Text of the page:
The show seemed at times to want to be "Joan" for savvier, hipper people, but it seemed to be a mindnumbingly Californian idea of hipness, which just amounted to scoffing and not caring about anything -- except in the sappy endings of the story, where Jaye understood the animals and helped people. Bleccchhh!

I tried to watch the show back when it was on TV, and got through only part of one episode. Here's my post about that.


Alcibiades said...

Speaking of no one commenting on your posting about a particular show (though that was before you turned comments back on), didn't you buy Wonderfalls recently? What did you think of that?

I loved it personally. Thought it was without doubt one of the most intelligent shows written for TV - for the 3 or 4 episodes before Fox nixed it. I thought it was funny, clever, and actually an intelligent commentary on human affairs -- as opposed to most of the stuff on TV.

Judith said...

I love Election.

DannyNoonan said...

I just watched "Sideways" and I thought it was great. I liked it more than "Election" and MUCH more than the unwatchable "About Schmidt." I suppose I can see what you mean about it not being as "real" as "Election." I can't think of a more far-fetched idea than two bachelors picking wine country for their male-bonding road trip. But for some reason it worked.

Ann Althouse said...

Alcibiades: I did an update about "Wonderfalls."

Someone emailed to say I ought to read the novel "Sideways" was based on. I'm willing to believe it's better than the movie but I can't imagine spending time reading something like that.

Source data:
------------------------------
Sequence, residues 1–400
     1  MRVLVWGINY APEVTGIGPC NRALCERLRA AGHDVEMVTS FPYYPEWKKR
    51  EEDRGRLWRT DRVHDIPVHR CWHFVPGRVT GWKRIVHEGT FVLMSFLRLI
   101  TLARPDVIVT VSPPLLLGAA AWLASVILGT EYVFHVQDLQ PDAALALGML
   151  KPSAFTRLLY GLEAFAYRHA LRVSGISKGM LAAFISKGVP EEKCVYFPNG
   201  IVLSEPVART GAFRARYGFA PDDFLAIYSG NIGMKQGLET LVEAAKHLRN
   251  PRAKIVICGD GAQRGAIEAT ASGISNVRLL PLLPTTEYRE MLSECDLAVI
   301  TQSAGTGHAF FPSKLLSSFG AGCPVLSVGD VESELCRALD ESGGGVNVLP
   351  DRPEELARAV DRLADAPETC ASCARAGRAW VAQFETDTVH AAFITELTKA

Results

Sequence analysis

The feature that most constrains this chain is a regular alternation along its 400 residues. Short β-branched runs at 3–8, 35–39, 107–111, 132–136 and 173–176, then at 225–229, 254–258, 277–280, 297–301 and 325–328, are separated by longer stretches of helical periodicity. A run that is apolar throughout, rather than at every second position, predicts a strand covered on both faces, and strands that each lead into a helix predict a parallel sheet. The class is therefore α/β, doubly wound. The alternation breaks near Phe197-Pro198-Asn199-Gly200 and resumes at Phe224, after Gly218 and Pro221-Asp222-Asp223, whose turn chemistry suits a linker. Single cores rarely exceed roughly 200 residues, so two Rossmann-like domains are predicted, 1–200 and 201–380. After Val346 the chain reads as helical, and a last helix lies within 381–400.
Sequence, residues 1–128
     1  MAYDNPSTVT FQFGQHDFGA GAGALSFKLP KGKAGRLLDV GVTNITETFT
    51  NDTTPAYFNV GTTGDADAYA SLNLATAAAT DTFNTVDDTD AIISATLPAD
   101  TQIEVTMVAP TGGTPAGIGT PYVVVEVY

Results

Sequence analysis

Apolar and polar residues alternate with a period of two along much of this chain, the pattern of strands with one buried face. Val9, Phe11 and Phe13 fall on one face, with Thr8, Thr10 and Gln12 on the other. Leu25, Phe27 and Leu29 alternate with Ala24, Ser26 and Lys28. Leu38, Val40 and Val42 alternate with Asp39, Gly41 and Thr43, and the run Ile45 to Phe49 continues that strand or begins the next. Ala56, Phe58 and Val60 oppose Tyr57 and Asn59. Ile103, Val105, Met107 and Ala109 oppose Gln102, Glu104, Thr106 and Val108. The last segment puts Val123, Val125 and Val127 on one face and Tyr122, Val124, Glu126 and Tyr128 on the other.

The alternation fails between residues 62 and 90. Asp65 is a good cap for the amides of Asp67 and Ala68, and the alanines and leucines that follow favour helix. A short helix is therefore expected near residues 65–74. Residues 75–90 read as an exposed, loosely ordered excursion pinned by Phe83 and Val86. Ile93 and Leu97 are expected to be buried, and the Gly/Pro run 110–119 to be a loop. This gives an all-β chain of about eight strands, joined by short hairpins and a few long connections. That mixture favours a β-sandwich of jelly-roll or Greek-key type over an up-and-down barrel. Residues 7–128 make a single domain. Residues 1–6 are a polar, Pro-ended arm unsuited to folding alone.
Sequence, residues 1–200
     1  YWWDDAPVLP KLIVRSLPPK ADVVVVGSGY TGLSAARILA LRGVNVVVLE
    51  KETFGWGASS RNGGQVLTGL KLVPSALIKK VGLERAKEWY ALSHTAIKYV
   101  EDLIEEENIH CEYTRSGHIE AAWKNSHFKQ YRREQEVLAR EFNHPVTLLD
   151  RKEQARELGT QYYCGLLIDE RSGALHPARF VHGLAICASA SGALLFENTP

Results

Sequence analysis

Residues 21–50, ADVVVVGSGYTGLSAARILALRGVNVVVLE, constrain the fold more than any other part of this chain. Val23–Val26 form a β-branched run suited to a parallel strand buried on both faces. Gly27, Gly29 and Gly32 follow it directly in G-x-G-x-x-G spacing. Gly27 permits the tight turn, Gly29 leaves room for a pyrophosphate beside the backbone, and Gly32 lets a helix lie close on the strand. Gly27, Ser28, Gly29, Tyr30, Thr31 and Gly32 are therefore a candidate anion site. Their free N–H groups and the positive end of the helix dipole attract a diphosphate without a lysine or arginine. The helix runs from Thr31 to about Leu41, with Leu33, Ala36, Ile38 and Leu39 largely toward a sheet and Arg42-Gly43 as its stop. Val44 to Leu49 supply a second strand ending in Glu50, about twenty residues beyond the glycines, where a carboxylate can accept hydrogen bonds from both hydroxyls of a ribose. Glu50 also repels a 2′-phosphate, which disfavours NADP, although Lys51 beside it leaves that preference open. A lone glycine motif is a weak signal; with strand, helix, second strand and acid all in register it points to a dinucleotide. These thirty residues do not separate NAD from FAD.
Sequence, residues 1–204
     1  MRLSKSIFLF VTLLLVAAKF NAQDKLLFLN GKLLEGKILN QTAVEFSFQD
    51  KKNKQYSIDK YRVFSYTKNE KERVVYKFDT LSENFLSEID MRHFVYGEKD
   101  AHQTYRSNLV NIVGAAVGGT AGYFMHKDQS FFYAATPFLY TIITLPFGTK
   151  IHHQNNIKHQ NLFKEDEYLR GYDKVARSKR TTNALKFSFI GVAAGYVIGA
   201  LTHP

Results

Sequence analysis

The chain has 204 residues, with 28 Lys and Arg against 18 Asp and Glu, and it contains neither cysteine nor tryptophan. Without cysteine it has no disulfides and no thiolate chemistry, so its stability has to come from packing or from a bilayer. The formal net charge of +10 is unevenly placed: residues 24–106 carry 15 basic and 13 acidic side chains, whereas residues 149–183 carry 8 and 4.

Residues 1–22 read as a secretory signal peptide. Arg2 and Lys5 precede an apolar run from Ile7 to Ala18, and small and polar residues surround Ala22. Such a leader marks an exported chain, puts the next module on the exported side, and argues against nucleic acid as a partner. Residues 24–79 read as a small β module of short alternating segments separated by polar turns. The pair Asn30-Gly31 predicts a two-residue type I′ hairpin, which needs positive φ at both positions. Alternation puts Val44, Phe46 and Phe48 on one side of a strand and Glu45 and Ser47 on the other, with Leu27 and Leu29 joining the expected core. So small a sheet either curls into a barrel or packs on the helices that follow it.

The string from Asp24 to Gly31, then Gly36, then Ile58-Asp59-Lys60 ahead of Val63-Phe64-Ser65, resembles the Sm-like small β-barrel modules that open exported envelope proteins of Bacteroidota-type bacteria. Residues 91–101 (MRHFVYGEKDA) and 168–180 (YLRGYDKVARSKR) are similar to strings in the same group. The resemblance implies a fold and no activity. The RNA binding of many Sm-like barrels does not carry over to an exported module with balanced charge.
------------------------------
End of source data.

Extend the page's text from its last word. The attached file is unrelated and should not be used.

Contributors said...

Get season 1 of "The Greatest American Hero." The show rocks. But I really liked "About Schmidt" too.

And no, I'm not 10.

Ann Althouse said...

Eddiep: good point about "full size." I hadn't noticed that. Check it out now. Actually, it's a blurry photograph, taken in very dim light, so there's not much to see.

Also, I didn't jus say I bought the DVD. I said we're all getting together and watching it tonight. The truth was though that I had to run out on an errand and missed most of the first half, then watched the second half, then had to go back and watch the first half. So I didn't experienced the arc of emotion the filmmaker had planned. Coming in in the middle, I brought my own attitude, not the one shaped by the artist.

Jane Bellwether said...

As far as style goes, I'd say that Election was pretty pure farce, can't comment on Citizen Ruth (although you've made it sound interesting enough that I'll probably see it sometime), About Schmidt was farcical realism, and Sideways was fairly stark realism with undertones of farce. It looks to me like an arc from reality embedded in story to vice versa. I think it worked better in Election, and probably in Citizen Ruth, but not so well in Schmidt or Sideways. And I found myself wondering who could identify with any of the characters in Sideways, though it was an interesting sub-Hollywood view of Southern California.

Nitpicky: If the one character had been such a wine snob, their trip would have taken them to Sonoma; the map of the wine world includes the continents of France, Sonoma, and Italy, then the rest of the world on some small island archipeligo.